But no comma if you're talking about one of his several publications. In that case, the name of this one is essential to understanding the meaning. No commas with essential phrases. In that case: These texts have been kept alive in his publications “Anthology of Evening Rhymes from the 16th Century”  and "A Trip Through Time and Rhyme."


I don't know if it's new, but it's wrong. Should be ... organization whose mission is to ...


We don't capitalize such uses.


Either the long-sought agreement or the long-sought-after agreement is OK. We prefer the former because it's shorter.

But no hyphen in these uses: The agreement is long sought. They have long sought the agreement.


We don't use it. We aim to use more specific wording about what is meant in any specific situation, group, etc.


We don't use it. 


Good catch! Should be lowercase amendments. We'll fix it. Thanks very much.


It probably depends on whether the programs have offical titles, or just descriptive names. No quotes for the latter. Possibly for the former, though it's a little hard to picture an example.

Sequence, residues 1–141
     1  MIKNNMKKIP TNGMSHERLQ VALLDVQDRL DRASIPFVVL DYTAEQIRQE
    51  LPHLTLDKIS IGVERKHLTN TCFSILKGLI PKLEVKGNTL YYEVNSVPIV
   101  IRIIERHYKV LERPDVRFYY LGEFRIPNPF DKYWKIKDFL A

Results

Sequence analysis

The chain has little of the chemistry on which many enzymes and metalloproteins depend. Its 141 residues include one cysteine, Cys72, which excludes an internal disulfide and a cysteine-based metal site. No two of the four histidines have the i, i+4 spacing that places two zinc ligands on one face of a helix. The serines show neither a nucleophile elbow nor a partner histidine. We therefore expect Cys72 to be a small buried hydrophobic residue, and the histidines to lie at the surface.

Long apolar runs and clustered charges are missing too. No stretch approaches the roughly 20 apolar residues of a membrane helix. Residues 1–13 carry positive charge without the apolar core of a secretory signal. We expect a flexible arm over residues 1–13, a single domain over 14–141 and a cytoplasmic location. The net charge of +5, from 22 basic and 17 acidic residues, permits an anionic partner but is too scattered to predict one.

We don't use the acronym. I'd use the capitalized version myself.


In AP style, we haven't called it the novel coronavirus for quite some time. We say simply calling it the coronavirus is fine in reference to the current pandemic. The guidance is below. And yes, strain is acceptable for variants.


A family of viruses, some of which cause disease in people and animals, named for the crownlike spikes on their surfaces.

Coronaviruses can cause the common cold or more severe diseases such as SARS (severe acute respiratory syndrome) and MERS (Middle East respiratory syndrome). A new coronavirus first appeared in late 2019 in Wuhan, China. It causes a respiratory illness now called COVID-19, which stands for coronavirus disease 2019.

The virus itself is named SARS-CoV-2 but avoid using that name.

Referring to simply the coronavirus is acceptable on first reference in stories about the current pandemic. While the phrasing incorrectly implies there is only one coronavirus, the meaning is clear in this context. A year into the outbreak, do not use the terms new coronavirus or novel coronavirus unless needed to distinguish between viruses.